We visited the Manuel de Falla Museum and learnt more about the work, life and thought of the well-known Spanish composer.
Manuel de Falla was a composer who reached a modern nationalism from the saloon music prevailing in Spain during his childhood. He changed into a neoclassic style strongly inspired in the Spanish music tradition of the Golden Age.
In turn, he adopted the findings incorporated by the impresionism and the “Return to Bach” -a movement fostered by Igor Stravinsky- to the European music of the time. Through the so-called “Musical Generation of 27”, he exerted a powerful influence on the later evolution of Spanish music.
Cádiz Hall: the bed, an armchair, poncho and a portrait of Pablo Picasso are displayed.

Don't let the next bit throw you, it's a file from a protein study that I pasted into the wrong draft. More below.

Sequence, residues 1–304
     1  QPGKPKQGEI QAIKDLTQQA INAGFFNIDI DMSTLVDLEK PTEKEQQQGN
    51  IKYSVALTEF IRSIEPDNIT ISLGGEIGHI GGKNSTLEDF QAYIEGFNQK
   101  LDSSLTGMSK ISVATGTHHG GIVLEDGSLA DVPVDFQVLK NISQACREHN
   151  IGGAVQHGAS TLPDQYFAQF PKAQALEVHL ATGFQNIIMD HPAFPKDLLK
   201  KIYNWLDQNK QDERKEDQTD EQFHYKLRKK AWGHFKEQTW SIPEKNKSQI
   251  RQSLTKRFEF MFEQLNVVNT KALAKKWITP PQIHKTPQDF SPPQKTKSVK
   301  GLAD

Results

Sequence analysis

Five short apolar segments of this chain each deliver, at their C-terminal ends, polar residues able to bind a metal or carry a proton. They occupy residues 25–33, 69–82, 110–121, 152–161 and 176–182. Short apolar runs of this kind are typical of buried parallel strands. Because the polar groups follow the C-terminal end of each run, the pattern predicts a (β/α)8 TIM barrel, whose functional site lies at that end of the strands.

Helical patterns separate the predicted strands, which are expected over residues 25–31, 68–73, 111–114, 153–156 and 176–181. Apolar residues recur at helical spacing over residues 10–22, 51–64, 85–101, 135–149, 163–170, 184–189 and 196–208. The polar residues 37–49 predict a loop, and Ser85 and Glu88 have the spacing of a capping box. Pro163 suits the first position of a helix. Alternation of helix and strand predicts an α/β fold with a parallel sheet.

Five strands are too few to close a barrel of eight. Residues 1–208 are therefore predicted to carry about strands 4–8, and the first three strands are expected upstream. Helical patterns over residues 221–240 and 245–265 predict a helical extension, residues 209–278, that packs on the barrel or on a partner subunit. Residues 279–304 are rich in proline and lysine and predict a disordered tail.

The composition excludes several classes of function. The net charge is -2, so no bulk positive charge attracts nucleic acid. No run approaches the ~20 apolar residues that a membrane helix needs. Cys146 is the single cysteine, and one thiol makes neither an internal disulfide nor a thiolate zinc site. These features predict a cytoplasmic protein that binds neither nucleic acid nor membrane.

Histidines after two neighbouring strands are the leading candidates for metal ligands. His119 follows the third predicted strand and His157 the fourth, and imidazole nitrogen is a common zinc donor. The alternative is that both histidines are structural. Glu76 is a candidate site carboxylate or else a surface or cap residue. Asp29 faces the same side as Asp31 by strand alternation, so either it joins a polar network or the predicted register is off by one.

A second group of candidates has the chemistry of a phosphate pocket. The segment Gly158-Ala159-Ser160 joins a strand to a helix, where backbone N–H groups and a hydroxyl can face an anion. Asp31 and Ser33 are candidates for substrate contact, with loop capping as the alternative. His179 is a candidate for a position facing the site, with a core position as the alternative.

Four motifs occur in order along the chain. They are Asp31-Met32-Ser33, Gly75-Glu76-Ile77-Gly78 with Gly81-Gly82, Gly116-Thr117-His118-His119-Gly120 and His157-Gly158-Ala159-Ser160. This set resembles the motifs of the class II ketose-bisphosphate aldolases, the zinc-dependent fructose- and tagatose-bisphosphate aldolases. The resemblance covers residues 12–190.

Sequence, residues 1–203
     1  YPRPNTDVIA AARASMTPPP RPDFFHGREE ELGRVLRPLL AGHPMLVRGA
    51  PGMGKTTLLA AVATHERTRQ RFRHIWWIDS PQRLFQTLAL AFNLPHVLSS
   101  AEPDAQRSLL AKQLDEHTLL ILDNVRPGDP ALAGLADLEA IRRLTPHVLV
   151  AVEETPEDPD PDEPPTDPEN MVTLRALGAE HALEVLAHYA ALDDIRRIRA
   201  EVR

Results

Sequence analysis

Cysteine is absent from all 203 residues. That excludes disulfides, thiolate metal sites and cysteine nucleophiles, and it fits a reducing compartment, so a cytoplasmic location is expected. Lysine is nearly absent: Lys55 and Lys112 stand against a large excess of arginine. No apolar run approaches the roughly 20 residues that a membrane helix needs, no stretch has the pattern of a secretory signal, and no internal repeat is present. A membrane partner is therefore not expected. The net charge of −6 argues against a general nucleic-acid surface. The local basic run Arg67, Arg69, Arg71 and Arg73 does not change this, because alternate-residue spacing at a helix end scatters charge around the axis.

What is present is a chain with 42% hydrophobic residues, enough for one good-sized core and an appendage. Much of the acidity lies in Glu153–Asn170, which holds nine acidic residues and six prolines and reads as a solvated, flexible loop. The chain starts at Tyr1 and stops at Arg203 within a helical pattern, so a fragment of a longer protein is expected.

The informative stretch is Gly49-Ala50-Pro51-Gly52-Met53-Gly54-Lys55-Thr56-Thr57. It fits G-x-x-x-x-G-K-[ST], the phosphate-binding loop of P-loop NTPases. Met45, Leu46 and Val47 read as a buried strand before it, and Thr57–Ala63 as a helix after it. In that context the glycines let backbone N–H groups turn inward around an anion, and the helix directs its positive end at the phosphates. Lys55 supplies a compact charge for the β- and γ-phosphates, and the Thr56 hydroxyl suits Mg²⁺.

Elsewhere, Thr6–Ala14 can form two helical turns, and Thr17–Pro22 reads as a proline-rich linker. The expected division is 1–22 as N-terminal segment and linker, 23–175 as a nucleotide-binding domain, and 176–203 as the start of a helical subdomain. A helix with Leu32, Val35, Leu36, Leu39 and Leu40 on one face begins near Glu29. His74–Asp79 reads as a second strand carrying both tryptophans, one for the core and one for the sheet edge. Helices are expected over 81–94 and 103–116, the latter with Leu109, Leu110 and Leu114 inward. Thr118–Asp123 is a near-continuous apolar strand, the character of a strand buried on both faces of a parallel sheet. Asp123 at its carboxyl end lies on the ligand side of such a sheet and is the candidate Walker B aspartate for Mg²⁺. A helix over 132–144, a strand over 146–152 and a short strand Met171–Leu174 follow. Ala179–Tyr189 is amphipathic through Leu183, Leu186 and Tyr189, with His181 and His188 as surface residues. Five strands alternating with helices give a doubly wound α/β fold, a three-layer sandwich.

María del Carmen Hall: it shows the machine with which his sister used to roll his cigarettes, his typewriter and will.
España Hall: this hall contains his briefcase, his jaquette, his vest and his scores.
Juan José Castro Hall: the English “The Eavestaff” mini piano used by Manuel de Falla, which was a present from Bernardo Iriberri stands out in this hall.
Alta Gracia Hall: it displays the tea set and a screen.
Library: Documentary, journalistic and discographic file of the musician.
Duration: 1 hour
Opening hours: open everyday from 9am to 8pm.
How to get here: To visit the museum, visitors must walk along García Lorca street up to Roma Street. The museum is opposite the Alta Gracia Golf Club.
Bear in mind: In order to manage a better understanding of the work of the author and his life in the area, we recommend that visitors go on a guided tour.